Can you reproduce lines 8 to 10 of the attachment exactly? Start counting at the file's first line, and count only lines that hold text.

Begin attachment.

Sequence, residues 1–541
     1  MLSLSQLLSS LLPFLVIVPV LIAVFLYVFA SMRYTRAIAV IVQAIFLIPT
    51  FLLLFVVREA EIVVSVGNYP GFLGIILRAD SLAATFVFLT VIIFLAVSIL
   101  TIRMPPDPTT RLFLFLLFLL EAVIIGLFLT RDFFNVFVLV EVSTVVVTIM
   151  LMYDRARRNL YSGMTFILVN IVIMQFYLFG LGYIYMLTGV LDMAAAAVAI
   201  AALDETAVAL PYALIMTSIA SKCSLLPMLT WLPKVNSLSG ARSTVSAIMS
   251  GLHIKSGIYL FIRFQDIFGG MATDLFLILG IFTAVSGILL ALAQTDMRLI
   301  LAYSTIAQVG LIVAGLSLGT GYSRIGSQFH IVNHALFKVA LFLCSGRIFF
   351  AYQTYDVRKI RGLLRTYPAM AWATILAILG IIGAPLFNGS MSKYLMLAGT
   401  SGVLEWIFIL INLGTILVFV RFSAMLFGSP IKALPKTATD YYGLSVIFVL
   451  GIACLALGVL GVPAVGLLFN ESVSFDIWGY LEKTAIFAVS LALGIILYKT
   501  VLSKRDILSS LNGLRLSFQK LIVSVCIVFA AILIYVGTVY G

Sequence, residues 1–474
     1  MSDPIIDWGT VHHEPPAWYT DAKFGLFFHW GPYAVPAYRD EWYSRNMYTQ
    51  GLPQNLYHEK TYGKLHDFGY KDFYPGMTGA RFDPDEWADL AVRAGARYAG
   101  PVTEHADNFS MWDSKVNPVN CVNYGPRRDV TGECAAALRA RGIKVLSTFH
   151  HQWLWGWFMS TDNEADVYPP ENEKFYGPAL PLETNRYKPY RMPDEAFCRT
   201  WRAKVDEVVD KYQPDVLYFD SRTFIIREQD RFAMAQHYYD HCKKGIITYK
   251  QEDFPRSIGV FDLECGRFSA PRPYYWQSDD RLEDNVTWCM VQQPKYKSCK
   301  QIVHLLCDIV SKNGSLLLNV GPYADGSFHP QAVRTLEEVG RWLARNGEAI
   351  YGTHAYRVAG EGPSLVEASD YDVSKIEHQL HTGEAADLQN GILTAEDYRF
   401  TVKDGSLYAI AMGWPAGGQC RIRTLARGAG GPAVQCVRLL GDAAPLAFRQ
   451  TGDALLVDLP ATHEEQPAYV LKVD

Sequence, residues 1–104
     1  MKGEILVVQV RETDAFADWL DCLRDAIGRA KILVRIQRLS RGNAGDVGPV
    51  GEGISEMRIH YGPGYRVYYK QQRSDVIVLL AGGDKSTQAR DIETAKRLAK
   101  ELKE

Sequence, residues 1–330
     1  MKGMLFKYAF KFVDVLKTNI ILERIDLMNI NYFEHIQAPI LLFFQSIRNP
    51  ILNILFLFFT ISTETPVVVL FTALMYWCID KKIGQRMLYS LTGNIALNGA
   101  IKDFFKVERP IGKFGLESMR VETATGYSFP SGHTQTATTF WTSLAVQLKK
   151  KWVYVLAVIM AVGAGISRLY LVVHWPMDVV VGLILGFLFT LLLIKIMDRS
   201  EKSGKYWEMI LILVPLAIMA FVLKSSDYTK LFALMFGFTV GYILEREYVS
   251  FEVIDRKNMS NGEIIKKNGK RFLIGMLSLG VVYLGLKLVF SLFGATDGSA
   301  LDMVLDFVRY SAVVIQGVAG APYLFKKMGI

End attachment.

   301  LAYSTIAQVG LIVAGLSLGT GYSRIGSQFH IVNHALFKVA LFLCSGRIFF
   351  AYQTYDVRKI RGLLRTYPAM AWATILAILG IIGAPLFNGS MSKYLMLAGT
   401  SGVLEWIFIL INLGTILVFV RFSAMLFGSP IKALPKTATD YYGLSVIFVL